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Home / IT Blogs / The Future of Business Intelligence: 2021 Trends and Predictions
November 12, 2020 - by Synoptek
Every company today relies on data. Given that data can be used to enhance employee satisfaction, improve operations, optimize the supply chain, understand customer behavior, enable predictive maintenance, and more, its importance to the organization’s success is irrefutable. However, given the variety, volume, and velocity of data, the best outcomes from data can only be achieved by embracing Business Intelligence (BI).
Modern BI tools open up a world of opportunities for organizations, empowering them to unearth new insights, efficiencies, and innovations, and become more proactive in carrying out day-to-day business operations. The many capabilities of BI tools are responsible for driving the growth of the BI market, expected to be worth $33.3 billion by 2025. Let’s take a closer look at what the future of business intelligence looks like, and what you can expect out of 2021.
Like every other technology, BI trends are constantly evolving. From early days when BI was confined to spreadsheets bursting with numbers, today, technology allows for insightful visualization and immediate action. Today, BI provides organizations with new and novel ways to improve productivity, increase profits, and understand customers. As technology advances with the blink of the eye, the future of BI looks extremely promising. However, to realize the real value from BI, it is important to be aware of upcoming trends, understand if and how they can be incorporated, and have a roadmap in place to embrace technology across the business.
As regulations across data privacy and security become more stringent, data quality management has become indispensable for business excellence. The coming years will see organizations driving sustained efforts towards classifying data and knowing where it is coming from, who has access to it, how people are using it, and how long they can keep it.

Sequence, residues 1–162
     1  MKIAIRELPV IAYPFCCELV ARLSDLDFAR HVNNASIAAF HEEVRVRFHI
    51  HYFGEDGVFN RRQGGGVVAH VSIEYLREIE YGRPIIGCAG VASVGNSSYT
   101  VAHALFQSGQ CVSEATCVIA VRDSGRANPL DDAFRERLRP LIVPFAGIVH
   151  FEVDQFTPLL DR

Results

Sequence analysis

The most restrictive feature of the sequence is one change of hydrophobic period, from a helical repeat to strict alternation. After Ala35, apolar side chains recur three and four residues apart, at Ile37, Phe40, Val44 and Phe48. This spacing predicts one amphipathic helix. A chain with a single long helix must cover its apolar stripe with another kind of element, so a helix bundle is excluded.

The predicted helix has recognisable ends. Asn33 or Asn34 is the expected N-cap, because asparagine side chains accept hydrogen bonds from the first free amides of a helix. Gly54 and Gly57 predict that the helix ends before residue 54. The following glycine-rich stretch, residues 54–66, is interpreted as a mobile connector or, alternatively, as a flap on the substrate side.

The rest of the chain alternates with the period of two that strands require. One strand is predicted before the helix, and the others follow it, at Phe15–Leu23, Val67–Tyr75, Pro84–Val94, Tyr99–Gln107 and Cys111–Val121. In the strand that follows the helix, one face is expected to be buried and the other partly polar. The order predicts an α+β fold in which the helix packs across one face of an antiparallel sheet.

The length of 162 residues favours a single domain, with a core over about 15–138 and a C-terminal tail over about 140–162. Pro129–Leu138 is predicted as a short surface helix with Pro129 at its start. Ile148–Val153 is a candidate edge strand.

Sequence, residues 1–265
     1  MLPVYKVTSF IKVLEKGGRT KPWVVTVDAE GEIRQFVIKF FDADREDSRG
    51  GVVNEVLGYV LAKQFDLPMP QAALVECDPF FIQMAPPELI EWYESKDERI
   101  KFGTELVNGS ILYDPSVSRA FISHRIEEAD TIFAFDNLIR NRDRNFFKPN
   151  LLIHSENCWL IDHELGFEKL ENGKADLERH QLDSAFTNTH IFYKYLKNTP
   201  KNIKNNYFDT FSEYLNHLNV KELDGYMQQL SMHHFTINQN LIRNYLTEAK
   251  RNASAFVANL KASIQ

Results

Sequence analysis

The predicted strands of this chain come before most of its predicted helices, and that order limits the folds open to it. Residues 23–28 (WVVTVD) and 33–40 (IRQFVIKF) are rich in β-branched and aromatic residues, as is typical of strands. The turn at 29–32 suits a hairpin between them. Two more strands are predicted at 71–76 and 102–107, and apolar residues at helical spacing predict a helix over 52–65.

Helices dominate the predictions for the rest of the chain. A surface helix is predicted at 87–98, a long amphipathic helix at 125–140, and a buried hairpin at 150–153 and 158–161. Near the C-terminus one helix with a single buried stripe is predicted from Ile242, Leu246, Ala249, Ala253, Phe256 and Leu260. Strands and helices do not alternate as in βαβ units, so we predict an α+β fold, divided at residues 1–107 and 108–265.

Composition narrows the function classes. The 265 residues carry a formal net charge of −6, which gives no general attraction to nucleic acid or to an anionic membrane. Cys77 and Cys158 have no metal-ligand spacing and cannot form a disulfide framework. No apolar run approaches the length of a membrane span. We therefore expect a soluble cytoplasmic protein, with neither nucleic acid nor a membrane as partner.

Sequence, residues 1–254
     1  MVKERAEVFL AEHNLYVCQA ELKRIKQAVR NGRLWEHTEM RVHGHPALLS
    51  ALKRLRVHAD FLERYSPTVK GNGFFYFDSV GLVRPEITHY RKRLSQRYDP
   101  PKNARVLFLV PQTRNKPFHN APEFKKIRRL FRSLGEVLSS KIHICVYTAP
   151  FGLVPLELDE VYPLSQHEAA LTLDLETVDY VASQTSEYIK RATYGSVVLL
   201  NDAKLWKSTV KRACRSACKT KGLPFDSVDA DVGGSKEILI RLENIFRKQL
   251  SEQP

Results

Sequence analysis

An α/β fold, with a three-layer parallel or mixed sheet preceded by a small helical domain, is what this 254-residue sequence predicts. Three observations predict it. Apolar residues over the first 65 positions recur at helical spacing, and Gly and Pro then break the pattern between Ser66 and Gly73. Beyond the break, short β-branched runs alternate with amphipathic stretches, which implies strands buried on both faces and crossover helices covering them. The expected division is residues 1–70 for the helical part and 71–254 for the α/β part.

In the realm of BI, data governance will become a top priority for organizations big and small. This will also be driven by the number and complexity of data sources and data types needed to support analytics initiatives that are increasing exponentially. A sound data governance strategy will not only help improve ROI from BI investments; it will also enable a healthy balance between data consistency and transparency – setting the foundation of accurate, ethical, and evidence-based decision-making.
Data governance will enable organizations to clearly understand the information needs of the enterprise, continually improve the quality of data and information while ensuring privacy and confidentiality and preventing unauthorized use. It will allow them to use the right data to guide informed BI decision-making and ultimately improve business outcomes. It will also ensure data is acquired securely from approved sources, processed for the intended purpose, shared with authorized personnel, and discarded as per a pre-defined timeline.
As business users get increasingly tech-savvy, they expect anytime, anywhere access to the data they need to do their jobs well. They want to be able to solve issues on their own – without having to depend on an analytics team. With centralized data from across the organization, users want to use the tool of their choice to drive value.
Although self-service BI is already popular, it will become a global norm in the coming years, enabling users to get the insight they need to tackle challenging business problems in a timely fashion. It will help optimize the decision-making capability across the organizations while powering users with a single version of the truth – in whatever they do.
Since business users know what they want, having a self-service data model will enable them to become self-sufficient. The coming years will witness users make better use of data and pave the way for an organization-wide data culture. Self-service BI will break the dependency on IT/data teams to get access to the right data; users will be able to meet their analytical requests with ease and make critical decisions at a much faster pace.
Although predictive analytics has been an integral aspect of BI that enables organizations to extract information from existing data sets in order to forecast future probabilities, the coming years will witness prescriptive analytics becoming a worldwide feature.